Fourmile Fire: A trail of smoke over NCAR

David Hosansky | 7 September 2010  •  The wildfire that has erupted in the foothills west of Boulder is sending a thick plume of smoke right over NCAR’s chemistry labs. Even as their offices smell of smoke, scientists are taking measurements from the roof, seeking to glean new insights into the particles and gases emitted by a wildland fire involving natural vegetation and built structures.

Data from the lab's spectrometers can provide information about more than a dozen gases that may be emitted in a plume, such as methanol, formaldehyde, and carbon monoxide. Such gases can have serious effects on human health and the environment, as well as potentially influencing climate. The scientists are also using a photometer to analyze optical depth—a measurement that can be used to infer the quantity and size of particles in the atmosphere.

The data can help scientists better understand the impacts of wildfire plumes on our atmosphere, as well as on human health and climate. Recent research by NCAR scientists Christine Wiedinmyer and Gabriele Pfister, along with colleagues at NCAR and other organizations, has found that wildland fires can worsen air quality for thousands of miles downwind. The particles and gases in large-scale fires can also influence climate, both by affecting the amount of sunlight that reaches Earth’s surface and by releasing carbon dioxide, a potent greenhouse gas, into the atmosphere.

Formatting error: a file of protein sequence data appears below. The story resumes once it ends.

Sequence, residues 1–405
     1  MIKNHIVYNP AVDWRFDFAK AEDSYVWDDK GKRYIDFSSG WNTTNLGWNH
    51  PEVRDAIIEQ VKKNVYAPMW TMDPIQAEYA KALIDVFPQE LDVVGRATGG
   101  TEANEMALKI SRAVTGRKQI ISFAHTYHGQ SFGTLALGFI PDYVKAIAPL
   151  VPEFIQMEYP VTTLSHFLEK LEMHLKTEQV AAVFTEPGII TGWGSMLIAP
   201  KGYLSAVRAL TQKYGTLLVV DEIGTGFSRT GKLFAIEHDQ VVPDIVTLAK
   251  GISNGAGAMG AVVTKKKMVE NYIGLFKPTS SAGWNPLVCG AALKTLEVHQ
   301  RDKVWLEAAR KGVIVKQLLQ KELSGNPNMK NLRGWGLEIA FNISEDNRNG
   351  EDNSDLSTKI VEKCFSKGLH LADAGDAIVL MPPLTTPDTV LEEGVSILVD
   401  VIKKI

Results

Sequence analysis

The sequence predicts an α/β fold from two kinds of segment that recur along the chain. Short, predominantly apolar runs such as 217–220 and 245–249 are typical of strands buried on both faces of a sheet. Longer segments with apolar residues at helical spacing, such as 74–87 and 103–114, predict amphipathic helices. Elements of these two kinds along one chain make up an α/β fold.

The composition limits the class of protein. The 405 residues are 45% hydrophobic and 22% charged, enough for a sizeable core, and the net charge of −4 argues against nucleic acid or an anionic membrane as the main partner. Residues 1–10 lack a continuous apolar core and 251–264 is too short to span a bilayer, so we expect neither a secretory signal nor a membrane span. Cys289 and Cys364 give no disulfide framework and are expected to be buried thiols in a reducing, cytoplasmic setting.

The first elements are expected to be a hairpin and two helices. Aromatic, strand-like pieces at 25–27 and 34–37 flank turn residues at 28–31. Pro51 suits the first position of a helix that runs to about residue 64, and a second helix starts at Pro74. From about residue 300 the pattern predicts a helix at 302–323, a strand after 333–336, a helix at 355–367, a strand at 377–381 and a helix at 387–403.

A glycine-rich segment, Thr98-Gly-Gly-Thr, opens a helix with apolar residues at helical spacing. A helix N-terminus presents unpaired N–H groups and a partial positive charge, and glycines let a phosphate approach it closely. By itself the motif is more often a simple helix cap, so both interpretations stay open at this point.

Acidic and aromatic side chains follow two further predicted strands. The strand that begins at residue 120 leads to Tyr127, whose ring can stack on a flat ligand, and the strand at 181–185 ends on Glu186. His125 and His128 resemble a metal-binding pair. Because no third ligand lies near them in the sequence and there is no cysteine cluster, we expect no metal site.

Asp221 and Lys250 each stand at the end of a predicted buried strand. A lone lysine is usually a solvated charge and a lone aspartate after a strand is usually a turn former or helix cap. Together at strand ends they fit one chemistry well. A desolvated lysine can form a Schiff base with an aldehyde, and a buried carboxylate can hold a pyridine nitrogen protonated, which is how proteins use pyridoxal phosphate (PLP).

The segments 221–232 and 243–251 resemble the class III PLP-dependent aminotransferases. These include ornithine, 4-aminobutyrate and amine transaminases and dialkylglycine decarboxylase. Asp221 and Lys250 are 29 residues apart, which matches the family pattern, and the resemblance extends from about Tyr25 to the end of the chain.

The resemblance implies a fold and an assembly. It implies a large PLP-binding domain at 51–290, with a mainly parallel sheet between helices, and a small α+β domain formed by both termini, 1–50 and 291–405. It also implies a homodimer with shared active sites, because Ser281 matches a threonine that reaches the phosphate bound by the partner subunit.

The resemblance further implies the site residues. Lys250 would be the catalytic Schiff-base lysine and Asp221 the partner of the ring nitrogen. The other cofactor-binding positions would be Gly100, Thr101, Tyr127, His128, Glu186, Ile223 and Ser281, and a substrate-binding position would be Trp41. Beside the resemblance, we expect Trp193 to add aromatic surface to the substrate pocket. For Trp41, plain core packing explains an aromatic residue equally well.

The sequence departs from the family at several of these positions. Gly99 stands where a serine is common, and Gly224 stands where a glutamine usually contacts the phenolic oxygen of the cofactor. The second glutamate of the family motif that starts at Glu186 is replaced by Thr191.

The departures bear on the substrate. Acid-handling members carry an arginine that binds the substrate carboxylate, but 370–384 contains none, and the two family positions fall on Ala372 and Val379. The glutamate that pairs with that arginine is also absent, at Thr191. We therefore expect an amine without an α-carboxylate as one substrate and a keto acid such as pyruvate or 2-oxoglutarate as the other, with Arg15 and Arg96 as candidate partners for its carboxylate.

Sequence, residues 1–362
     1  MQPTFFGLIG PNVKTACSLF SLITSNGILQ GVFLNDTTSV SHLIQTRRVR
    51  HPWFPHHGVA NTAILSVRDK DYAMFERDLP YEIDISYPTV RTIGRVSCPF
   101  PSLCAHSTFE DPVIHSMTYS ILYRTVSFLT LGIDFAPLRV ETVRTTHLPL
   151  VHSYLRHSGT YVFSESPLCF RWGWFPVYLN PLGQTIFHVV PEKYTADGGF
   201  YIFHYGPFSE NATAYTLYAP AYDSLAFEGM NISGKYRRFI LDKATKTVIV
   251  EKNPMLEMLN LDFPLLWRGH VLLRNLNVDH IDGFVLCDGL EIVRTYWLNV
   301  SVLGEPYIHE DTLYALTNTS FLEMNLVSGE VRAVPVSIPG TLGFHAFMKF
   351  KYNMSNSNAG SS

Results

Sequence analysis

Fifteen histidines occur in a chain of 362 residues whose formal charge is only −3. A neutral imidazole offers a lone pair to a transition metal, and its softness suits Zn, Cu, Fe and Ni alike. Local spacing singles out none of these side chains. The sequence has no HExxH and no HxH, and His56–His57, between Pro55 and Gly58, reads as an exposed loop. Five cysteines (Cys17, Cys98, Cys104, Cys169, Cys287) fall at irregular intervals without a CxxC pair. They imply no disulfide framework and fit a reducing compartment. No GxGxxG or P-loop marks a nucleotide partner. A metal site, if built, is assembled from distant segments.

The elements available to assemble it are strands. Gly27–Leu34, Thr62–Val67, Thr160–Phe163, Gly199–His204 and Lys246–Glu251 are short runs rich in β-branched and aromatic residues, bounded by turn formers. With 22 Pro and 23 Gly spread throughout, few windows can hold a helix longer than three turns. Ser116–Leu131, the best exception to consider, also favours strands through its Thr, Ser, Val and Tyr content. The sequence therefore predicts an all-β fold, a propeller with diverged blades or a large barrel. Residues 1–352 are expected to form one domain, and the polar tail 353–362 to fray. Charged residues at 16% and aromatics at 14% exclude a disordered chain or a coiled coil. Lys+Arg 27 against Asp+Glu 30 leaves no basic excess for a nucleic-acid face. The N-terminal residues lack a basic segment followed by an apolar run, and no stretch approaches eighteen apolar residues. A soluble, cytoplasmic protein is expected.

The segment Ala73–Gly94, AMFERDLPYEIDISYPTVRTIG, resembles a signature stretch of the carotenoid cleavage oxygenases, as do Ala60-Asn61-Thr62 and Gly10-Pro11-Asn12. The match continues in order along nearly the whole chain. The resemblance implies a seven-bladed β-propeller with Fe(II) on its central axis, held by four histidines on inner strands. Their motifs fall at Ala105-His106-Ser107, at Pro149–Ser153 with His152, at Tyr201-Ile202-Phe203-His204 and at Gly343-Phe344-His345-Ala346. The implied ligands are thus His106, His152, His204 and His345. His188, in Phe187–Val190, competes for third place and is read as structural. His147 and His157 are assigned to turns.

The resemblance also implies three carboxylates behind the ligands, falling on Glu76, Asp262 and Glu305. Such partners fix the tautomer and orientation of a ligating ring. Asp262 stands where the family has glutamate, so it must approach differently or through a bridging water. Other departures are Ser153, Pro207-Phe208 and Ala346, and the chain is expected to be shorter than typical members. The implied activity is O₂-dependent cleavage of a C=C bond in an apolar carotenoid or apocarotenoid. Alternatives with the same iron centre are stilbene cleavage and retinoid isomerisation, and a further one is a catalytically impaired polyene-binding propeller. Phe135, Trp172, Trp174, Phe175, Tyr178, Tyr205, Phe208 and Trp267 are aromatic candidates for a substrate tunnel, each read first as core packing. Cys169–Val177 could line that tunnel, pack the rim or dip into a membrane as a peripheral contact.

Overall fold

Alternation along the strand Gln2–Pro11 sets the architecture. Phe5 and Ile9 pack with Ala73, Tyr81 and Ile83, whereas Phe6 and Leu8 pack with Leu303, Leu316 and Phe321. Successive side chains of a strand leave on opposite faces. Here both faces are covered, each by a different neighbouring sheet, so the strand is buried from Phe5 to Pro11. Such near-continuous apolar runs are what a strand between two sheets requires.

researcher crouches beside instrument encased in protective metal cover
NCAR scientist James Hannigan examines a solar tracker on the roof of the center's chemistry building that directs infrared radiation to an interferometer in the building. The instrument takes measurements of airborne gases including those generated by the wildfire. (©UCAR. Photo by David Hosansky, UCAR.)

The blaze west of Boulder, known as the Fourmile Fire, broke out Monday and has burned more than 7,000 acres as of Tuesday afternoon, destroying scores of structures. It has sent a plume of smoke over the Front Range and far downwind, as far as Nebraska and Iowa.

“As destructive as this event is, it also gives us a rare opportunity to learn more about fire emissions,” Wiedinmyer says. "We're hoping for everyone's safety, and working to learn as much as we can."

This research takes time to develop and publish. For information on current conditions, Boulder County and state health officials are issuing advisories (see the links below).

 

 

 

 

 

Related Links

Research news

Prescribed burns may help reduce U.S. carbon footprint (March 16, 2010)

Wildfires cause ozone pollution to violate health standards, new study shows (October 9, 2008)

Air quality updates

Boulder County Public Health

Colorado Department of Public Health & Environment